A Star is Born is a rather poignant "behind-the-scenes" look at the film industry as it stood in 1937, Produced by David O. Selznick at his eponymous studio and released via United Artists. Janet Gaynor stars as Esther Blodgett, a young lady from the middle of nowhere in North Dakota who aspires to be a movie star. Esther's Grandmother (May Robinson) agrees to pay Esther's way to Hollywood, but warns her that chasing her dreams could very well cost her more dearly than she imagines. Once in Hollywood, Esther struggles to find work on the screen, being just another nameless girl amid a sea of aspiring extras. Esther finally lands a job as a waitress at a party, thanks to her friendship with assistant director Danny McGuire (Andy Devine). It is at said party that Esther meets Norman Maine (played by Fredric March), a major film star (and a major alcoholic). Quite taken with Esther, Norman pulls a few strings and arranges a screen test for her. The test goes swimmingly, and Esther is rechristened Vicki Lester and put under contract to the studio. Norman arranges for Vicki to appear opposite him in his next picture, and she is a smashing success. Vicki becomes a major star, and is soon married to Norman. All is not well, however, for as Vicki climbs the ranks of fame and stardom Norman's career takes a nosedive, causing him to hit the bottle harder than ever. Tragedy, sadly, ensues.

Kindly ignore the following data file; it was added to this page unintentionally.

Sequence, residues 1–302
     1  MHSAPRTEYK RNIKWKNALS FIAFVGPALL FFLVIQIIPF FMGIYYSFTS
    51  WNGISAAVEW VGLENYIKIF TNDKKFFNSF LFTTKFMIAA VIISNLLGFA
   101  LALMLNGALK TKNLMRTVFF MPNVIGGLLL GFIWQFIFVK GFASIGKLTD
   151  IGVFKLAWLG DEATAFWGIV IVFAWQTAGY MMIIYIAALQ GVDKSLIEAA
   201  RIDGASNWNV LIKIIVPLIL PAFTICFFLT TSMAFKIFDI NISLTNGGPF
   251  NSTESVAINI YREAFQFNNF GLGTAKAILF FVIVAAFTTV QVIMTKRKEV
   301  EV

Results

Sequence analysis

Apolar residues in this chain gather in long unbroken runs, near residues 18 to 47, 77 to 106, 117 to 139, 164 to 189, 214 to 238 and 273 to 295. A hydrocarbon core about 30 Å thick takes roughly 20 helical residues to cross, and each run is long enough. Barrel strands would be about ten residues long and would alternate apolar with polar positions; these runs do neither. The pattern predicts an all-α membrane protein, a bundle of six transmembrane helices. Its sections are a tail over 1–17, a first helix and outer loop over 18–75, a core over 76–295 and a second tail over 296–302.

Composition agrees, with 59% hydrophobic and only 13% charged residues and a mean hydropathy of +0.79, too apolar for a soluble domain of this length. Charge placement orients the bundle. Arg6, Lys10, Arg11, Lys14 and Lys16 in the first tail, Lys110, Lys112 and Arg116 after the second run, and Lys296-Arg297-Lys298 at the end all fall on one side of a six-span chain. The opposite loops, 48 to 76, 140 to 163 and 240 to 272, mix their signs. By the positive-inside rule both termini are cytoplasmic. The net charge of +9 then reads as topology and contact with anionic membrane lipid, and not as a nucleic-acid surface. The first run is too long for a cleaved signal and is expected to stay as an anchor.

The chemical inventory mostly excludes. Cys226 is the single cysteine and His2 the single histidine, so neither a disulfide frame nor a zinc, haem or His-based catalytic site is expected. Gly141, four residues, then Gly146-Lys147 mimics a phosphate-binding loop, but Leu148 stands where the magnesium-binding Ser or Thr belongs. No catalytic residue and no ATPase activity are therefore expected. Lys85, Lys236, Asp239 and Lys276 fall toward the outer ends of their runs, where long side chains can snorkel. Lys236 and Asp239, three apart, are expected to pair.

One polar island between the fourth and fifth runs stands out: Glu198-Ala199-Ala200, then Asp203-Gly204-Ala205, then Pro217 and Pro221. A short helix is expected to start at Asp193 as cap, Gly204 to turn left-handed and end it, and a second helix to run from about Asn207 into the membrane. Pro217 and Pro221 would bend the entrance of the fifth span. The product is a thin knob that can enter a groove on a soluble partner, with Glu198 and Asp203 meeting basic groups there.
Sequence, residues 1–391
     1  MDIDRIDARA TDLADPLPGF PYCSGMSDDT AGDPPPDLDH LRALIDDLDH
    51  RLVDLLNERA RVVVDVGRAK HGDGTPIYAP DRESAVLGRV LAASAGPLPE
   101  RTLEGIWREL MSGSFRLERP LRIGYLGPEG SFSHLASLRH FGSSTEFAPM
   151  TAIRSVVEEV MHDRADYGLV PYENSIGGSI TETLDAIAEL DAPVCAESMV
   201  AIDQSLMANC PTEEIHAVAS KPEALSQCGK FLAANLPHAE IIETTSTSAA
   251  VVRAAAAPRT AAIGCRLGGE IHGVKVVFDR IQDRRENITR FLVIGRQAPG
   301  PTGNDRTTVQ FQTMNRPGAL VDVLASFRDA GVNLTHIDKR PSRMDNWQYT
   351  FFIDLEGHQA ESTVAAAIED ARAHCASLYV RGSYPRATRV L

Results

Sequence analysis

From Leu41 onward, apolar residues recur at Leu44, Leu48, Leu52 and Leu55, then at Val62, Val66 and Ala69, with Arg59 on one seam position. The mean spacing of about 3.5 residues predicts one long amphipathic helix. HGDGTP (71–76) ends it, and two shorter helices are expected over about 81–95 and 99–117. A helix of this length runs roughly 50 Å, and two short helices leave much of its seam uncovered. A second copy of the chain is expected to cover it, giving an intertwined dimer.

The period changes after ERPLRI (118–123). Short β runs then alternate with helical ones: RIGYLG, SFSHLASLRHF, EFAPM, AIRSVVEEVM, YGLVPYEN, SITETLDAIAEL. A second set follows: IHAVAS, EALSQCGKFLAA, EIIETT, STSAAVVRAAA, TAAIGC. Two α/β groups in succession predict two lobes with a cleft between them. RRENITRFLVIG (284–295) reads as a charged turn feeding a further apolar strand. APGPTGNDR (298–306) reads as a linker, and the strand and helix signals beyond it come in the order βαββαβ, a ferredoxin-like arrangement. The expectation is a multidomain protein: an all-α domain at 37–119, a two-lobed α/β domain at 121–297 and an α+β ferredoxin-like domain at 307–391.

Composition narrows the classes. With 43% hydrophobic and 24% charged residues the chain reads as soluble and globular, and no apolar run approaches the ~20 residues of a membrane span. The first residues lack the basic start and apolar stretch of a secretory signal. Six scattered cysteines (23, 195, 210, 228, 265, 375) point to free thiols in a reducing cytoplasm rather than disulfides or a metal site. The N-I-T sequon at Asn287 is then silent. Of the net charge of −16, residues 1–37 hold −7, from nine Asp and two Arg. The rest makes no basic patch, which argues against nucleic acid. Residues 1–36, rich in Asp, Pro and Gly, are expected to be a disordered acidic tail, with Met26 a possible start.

Janet Gaynor turns in a great performance as Esther, including one scene wherein she imitates Greta Garbo, Katharine Hepburn and Mae West in an attempt to get the studio big-shots to notice her at the party. She plays the role of the starry-eyed ingenue perfectly, which makes her all the more pathetic when she has to confront the true nature of the beast called Hollywood. One cannot help but feel for her when her rabid fans hound her for autographs, utterly indifferent to her suffering.
It's Fredric March, however, who ultimately steals the film--his depiction of Norman Maine is truly wonderful. Norman Maine is a character with whom I truly identify--a man who was once on top of the world, but finds solace only in drink now that that same world has left him behind. I can't help but think that I'll wind up like him one day. Having already seen him in Susan and God (1940), The Best Years of Our Lives (1946) and Dr. Jekyll and Mr. Hyde (1931), I have to say that Fredric March is easily one of my favorite actors (it's worth noting that he won oscars for the latter two pictures).
A Star is Born is also interesting because it gives a fairly accurate portrayal of the star-making process. Molding Esther Blodgett into Vicki Lester involves inventing a new life story for her (courtesy of the loathsome publicity agent Matt Libby, played by Lionel Stander, one of the better character actors of the day). It also means creating a whole new look for her, and Vicki is placed in the care of two make up artists who try to devise the perfect look for her ("Does she have to look surprised all the time?").
The story of A Star is Born is one that was told before--the 1932 film What Price Hollywood? is remarkably similar--and would be told again--in a 1954 remake--but the 1937 iteration is perhaps the best of the lot. It's definitely worth watching.